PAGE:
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Title: Marginal role for 53 common genetic variants in cardiovascular disease prediction
Authors: Morris, Richard W.
Cooper, Jackie A.
Shah, Tina
Wong, Andrew
Drenos, Fotios
Engmann, Jorgen
McLachlan, Stela
Jefferis, Barbara
Dale, Caroline
Hardy, Rebecca
Kuh, Diana
Ben-Shlomo, Yoav
Wannamethee, S. Goya
Whincup, Peter H.
Casas, Juan-Pablo
Kivimaki, Mika
Kumari, Meena
Talmud, Philippa J.
Price, Jacqueline F.
Dudbridge, Frank
Hingorani, Aroon D.
Humphries, Steve E.
UCLEB Consortium
First Published: 30-Jun-2016
Publisher: BMJ Publishing Group
Citation: Heart, 2016, 102 (20), pp. 1640-1647
Abstract: OBJECTIVE: We investigated discrimination and calibration of cardiovascular disease (CVD) risk scores when genotypic was added to phenotypic information. The potential of genetic information for those at intermediate risk by a phenotype-based risk score was assessed. METHODS: Data were from seven prospective studies including 11 851 individuals initially free of CVD or diabetes, with 1444 incident CVD events over 10 years' follow-up. We calculated a score from 53 CVD-related single nucleotide polymorphisms and an established CVD risk equation 'QRISK-2' comprising phenotypic measures. The area under the receiver operating characteristic curve (AUROC), detection rate for given false-positive rate (FPR) and net reclassification improvement (NRI) index were estimated for gene scores alone and in addition to the QRISK-2 CVD risk score. We also evaluated use of genetic information only for those at intermediate risk according to QRISK-2. RESULTS: The AUROC was 0.635 for QRISK-2 alone and 0.623 with addition of the gene score. The detection rate for 5% FPR improved from 11.9% to 12.0% when the gene score was added. For a 10-year CVD risk cut-off point of 10%, the NRI was 0.25% when the gene score was added to QRISK-2. Applying the genetic risk score only to those with QRISK-2 risk of 10%-<20% and prescribing statins where risk exceeded 20% suggested that genetic information could prevent one additional event for every 462 people screened. CONCLUSION: The gene score produced minimal incremental population-wide utility over phenotypic risk prediction of CVD. Tailored prediction using genetic information for those at intermediate risk may have clinical utility.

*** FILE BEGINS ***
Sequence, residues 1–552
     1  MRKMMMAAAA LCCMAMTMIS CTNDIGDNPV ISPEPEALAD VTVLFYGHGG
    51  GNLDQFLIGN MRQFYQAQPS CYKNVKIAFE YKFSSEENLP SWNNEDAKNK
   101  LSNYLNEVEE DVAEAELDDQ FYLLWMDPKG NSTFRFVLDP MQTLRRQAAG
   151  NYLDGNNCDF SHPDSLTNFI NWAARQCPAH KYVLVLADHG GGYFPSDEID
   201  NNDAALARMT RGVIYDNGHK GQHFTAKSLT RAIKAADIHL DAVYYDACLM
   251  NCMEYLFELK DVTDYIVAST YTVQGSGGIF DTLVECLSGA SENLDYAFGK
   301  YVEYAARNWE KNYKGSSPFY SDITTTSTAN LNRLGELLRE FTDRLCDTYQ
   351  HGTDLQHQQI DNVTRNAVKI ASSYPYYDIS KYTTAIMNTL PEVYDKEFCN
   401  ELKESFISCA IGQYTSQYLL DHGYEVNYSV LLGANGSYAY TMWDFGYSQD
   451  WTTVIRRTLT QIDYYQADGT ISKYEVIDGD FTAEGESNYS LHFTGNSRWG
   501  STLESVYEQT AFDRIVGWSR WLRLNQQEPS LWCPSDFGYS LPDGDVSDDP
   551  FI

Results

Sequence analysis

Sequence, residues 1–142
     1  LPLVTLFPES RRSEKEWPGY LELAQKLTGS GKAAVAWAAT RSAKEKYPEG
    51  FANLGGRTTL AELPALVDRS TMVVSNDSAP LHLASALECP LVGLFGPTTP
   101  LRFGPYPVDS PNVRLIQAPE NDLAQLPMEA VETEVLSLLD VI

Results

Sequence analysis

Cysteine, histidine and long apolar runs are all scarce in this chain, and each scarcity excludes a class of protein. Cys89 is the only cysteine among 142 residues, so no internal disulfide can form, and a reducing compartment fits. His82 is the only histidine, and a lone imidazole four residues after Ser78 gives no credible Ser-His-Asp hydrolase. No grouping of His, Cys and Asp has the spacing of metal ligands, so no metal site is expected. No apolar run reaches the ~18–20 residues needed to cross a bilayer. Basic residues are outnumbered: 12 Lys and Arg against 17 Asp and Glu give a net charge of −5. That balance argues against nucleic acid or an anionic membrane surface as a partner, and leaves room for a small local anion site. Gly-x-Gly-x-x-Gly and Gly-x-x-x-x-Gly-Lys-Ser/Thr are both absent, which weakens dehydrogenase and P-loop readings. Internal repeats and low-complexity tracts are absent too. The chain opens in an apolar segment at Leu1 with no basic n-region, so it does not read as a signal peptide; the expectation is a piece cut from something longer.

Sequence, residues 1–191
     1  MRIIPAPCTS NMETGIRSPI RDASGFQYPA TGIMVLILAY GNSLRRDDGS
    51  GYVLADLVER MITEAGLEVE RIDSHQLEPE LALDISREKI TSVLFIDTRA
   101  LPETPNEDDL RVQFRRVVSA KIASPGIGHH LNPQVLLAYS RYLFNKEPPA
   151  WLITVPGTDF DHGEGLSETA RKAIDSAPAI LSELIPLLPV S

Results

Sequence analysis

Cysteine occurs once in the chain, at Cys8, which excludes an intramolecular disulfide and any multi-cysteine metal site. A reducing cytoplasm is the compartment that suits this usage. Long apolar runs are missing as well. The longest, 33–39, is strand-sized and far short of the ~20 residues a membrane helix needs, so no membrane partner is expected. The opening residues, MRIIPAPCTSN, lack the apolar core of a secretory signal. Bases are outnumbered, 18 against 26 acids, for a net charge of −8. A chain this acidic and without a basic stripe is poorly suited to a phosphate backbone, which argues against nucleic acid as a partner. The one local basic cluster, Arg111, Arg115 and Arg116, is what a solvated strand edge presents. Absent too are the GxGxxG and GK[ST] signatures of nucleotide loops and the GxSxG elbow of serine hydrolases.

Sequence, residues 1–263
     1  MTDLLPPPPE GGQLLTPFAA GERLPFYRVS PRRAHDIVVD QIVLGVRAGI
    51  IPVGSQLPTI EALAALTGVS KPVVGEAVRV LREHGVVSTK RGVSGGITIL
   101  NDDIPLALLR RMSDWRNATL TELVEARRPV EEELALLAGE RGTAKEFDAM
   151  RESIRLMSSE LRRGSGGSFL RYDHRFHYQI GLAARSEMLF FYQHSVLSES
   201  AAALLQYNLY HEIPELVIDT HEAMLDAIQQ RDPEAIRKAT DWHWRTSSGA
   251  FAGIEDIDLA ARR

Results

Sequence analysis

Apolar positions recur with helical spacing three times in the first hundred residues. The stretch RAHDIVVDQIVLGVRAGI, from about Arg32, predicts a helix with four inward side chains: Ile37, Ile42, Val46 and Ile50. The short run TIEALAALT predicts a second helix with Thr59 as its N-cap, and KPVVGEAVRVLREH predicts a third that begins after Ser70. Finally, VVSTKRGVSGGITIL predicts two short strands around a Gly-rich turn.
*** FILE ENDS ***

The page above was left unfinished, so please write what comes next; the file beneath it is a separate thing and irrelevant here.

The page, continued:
DOI Link: 10.1136/heartjnl-2016-309298
ISSN: 1355-6037
eISSN: 1468-201X
Version: Publisher Version
Status: Peer-reviewed
Type: Journal Article
Rights: Copyright © the authors, 2016. This is an open-access article distributed under the terms of the Creative Commons Attribution License (, which permits unrestricted use, distribution, and reproduction in any medium, provided the original author and source are credited.
Appears in Collections:Published Articles, Dept. of Health Sciences

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